lower degree students and higher degree professors.
We next consider the influence of r and C on modular-
ity. Many methods for extracting community structure
exist [41, 42]. For definiteness, we use the one proposed
by Newman and Girvan : Given a partition of the
network, eijis the fraction of all edges connecting a node
in community i to one in community j, and ai=?
FIG. 3: (Color Online) Modularity Q for various ensembles
of networks with different target values for C (top row) or
r (bottom row). Clustering has a much larger impact on
modularity than assortativity does.
is the fraction of all links within community i. The mod-
ularity of the network given partition P is defined as:
We use an agglomerative method  to approximate the
best partition and largest QP, which we denote Q.
The top (resp. bottom) panel in Fig. 3 shows the aver-
age Q in ensembles with constrained C (resp. r). Tran-
sitivity has a more pronounced effect on modularity than
does homophily. The modularity achieved for the highly
clustered ensembles approximates the actual modularity
for the real networks (HEP, NetSci, and PGP; see Ta-
ble I), unlike assortative ensembles without a transitive
Finally, we consider the effect of transitivity on trait as-
sortativity, rd. For each of the degree sequences, we cre-
ate ensembles of networks with different target C values
and varying homophilic biases βd. Since the actual data
sets do not contain trait values, we assign each node one
of three possible traits at random with equal probability.
For ER, HEP, and NetSci we observe that ensembles with
larger C enhance rdrelative to ensembles with the same
homophilic bias but no clustering (C = 0). This is espe-
cially clear for the narrowest (ER) degree sequence. For
the PGP network, which has a broad degree distribution,
clustering appears to compete with the homophilic bias
(e.g. the curves cross), leading to a more complicated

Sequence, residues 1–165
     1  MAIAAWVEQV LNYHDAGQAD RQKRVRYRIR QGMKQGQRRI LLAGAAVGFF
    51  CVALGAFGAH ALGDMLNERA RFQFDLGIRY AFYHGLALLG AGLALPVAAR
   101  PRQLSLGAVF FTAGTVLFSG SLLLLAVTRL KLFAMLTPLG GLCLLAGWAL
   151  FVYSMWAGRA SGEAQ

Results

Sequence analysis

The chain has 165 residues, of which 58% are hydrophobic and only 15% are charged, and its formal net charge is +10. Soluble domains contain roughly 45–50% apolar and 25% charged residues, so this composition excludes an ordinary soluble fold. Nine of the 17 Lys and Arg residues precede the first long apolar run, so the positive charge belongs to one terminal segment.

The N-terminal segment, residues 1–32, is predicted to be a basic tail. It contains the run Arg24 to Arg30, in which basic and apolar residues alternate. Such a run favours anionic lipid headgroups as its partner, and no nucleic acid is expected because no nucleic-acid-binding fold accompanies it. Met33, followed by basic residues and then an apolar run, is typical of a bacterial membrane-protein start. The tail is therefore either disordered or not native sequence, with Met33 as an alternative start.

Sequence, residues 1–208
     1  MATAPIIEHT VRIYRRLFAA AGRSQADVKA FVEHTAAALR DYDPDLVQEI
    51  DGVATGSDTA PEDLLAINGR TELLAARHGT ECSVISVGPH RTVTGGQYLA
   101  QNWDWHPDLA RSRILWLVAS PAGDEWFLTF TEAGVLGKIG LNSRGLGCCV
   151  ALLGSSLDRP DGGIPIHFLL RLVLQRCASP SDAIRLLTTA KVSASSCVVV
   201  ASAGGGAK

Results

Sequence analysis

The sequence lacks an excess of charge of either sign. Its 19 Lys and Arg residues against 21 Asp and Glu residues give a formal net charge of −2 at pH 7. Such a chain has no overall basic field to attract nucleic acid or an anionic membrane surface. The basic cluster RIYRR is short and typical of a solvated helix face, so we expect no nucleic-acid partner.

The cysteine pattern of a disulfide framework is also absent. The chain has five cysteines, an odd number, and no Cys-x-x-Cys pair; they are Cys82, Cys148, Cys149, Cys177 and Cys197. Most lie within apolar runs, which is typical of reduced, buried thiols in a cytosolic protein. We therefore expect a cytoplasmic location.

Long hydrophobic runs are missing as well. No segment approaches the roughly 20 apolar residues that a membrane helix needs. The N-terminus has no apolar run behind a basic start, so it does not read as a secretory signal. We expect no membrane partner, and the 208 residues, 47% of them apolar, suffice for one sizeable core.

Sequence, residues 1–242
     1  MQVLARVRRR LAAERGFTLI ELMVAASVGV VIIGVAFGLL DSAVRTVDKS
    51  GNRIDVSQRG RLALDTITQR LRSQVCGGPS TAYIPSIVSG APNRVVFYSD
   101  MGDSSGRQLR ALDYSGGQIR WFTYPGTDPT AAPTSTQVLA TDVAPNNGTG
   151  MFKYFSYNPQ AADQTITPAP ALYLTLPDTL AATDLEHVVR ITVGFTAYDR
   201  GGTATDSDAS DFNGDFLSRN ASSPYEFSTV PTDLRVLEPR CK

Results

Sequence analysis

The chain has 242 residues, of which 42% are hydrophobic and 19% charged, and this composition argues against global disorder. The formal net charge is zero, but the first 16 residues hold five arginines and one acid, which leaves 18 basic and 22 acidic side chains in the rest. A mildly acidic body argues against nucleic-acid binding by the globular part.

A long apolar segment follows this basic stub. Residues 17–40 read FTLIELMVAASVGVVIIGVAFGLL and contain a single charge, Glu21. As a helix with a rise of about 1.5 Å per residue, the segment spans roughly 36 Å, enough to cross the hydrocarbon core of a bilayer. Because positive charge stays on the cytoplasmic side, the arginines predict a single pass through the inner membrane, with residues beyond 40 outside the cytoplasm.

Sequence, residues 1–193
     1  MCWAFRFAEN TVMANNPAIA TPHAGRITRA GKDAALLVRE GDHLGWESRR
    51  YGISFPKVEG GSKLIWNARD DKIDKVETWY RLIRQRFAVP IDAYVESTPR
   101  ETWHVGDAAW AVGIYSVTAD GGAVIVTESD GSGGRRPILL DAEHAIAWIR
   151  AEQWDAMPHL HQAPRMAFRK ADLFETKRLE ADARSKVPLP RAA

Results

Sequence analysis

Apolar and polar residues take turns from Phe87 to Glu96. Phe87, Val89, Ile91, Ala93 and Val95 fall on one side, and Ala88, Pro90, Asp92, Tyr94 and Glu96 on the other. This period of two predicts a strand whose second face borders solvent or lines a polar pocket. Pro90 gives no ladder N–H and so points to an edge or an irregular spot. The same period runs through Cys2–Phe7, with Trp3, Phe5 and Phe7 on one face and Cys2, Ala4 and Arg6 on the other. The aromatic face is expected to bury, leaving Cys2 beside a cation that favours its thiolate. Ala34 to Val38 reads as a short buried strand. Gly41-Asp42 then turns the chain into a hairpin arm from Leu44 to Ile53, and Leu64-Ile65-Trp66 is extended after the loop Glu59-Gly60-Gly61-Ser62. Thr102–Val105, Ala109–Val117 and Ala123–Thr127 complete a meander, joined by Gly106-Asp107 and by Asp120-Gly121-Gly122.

scenario. The interdependence between clustering and
trait assortativity thus appears to depend on the degree
sequence, but for narrow degree sequences the positive
relationship holds and transitivity enhances the effect of
homophilic bias . We also note that increasing the trait
assortativity of an ensemble had no impact on C, r, or
Q (data not shown).
We conjecture that the standard nonsocial/social (dis-
FIG. 4: (Color Online) Trait assortativity rd (y-axis) for en-
sembles of networks with varying C (indicated in the legend)
and homophilic bias βd (x-axis). For narrow degree distribu-
tions clustering amplifies the response of trait assortativity on
homophilic bias. For broad degree distribution the opposite
occurs for small βd.
assortative/assortative) dichotomy is driven by transitive
relationships in many social networks, such as in scien-
tific collaborations. As shown here, transitivity typically
leads to assortativity. This explains the anomalous posi-
tion of TAP located within social networks, and is consis-
tent with another anomaly in Fig. 1: several online social
networks show low clustering and low assortativity .
If assortative mixing by degree is the result of homophily
by degree in social networks, this anomaly is hard to ex-
plain: why should popular people stop seeking each other
out simply because the social network moved online? But
if assortativity is a side-effect of transitivity, this effect
is easier to understand: it is plausible that online so-
cial relationships are less transitive, since in the absence
of spatially mediated interactions there is a smaller ten-
dency to introduce mutual friends. We have not ruled
out the scenario in reference .
factors driving network evolution are likely to be com-
plex, multifaceted, and idiosyncratic. Our results on the
asymmetric dependencies between clustering, assortativ-
ity, and modularity provide a warning about inferring
causality from naive observations of network structure.
Indeed, the causal